The religious right is Tim Pawlenty’s to lose.
In a recent poll of leaders of the National Association of Evangelicals (NAE)—which includes representatives from a number of evangelical organizations around the country—45 percent named Pawlenty as their preferred Republican candidate. Coming in a distant second with 14 percent: Mitt Romney.
In the NAE press release announcing the poll, Leith Anderson, the group’s president, points out that Pawlenty’s strong showing “might be expected since he is so often identified as an evangelical.” It doesn’t hurt that Anderson is Pawlenty’s pastor at Wooddale Church—a shared history that the release fails to mention.
Pawlenty’s religious fervor distinguishes him from Romney, the current frontrunner. It’s central to his presidential narrative. But that’s not likely to help him much with the broader Republican electorate:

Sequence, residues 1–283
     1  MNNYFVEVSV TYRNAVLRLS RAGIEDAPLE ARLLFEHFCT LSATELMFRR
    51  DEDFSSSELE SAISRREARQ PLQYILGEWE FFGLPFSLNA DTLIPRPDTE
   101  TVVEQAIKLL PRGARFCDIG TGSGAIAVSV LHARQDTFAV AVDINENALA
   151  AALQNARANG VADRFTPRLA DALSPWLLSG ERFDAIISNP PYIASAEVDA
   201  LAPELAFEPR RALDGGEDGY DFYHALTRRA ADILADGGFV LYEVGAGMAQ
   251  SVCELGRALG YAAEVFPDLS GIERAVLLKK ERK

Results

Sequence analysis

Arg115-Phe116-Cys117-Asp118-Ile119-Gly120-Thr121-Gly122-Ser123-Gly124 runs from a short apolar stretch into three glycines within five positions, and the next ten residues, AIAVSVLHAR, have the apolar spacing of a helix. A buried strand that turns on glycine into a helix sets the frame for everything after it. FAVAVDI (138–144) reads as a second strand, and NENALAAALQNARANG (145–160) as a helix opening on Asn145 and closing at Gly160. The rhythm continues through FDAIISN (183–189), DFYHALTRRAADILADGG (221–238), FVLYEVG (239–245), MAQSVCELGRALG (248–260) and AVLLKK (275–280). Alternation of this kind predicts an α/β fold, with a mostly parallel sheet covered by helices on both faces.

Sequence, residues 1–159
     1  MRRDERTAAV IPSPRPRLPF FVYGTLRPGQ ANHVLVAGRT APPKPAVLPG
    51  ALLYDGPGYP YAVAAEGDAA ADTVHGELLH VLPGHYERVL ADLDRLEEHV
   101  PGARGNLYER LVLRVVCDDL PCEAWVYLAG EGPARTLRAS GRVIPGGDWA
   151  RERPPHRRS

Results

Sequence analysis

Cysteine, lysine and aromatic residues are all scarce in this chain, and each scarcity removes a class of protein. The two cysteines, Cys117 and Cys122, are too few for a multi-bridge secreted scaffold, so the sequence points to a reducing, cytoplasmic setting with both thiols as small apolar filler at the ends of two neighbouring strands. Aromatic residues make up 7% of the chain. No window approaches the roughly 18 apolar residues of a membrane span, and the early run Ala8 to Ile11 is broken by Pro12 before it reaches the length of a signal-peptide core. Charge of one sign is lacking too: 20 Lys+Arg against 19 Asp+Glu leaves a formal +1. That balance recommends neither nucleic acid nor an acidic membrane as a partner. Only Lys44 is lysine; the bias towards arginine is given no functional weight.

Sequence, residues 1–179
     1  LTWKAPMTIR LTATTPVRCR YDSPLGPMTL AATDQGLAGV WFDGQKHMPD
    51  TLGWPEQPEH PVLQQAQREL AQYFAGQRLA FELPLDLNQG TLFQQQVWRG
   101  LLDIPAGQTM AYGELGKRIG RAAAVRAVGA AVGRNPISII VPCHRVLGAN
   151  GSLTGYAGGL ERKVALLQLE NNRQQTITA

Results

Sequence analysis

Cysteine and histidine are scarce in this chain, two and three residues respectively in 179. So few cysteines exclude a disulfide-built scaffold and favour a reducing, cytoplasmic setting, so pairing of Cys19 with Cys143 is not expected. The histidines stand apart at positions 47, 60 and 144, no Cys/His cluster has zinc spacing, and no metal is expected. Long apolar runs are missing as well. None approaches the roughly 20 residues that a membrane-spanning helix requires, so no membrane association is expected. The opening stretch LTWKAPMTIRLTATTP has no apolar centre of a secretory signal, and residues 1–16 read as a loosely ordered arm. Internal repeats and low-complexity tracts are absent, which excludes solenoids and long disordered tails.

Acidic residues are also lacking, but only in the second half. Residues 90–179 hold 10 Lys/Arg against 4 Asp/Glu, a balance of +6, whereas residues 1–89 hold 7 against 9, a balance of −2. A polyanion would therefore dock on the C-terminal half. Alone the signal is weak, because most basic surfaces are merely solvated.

Among Republicans, 59 percent hold a favorable view of [Romney], according to a Bloomberg National Poll, while only 16 percent view him negatively. He’s also more popular than unpopular with independent voters by a 10 percentage point margin. . . . [Pawlenty] is viewed favorably by 29 percent and unfavorably by 11 percent.
And then there’s this:
While the poll shows more than half of Republicans are dissatisfied with the current choices in the field, an overwhelming 85 percent want candidates seeking their support to focus almost entirely on economic issues, not social ones.
Of course, social issues define the evangelical right. Meaning that Pawlenty would be well advised to aggressively broaden his base, and court some of that 85 percent that’s begging to hear more about jobs and smart investments and less about abortion and traditional marriage. Because if polls like Bloomberg’s bear out, most Republicans just don’t care what the NAE thinks.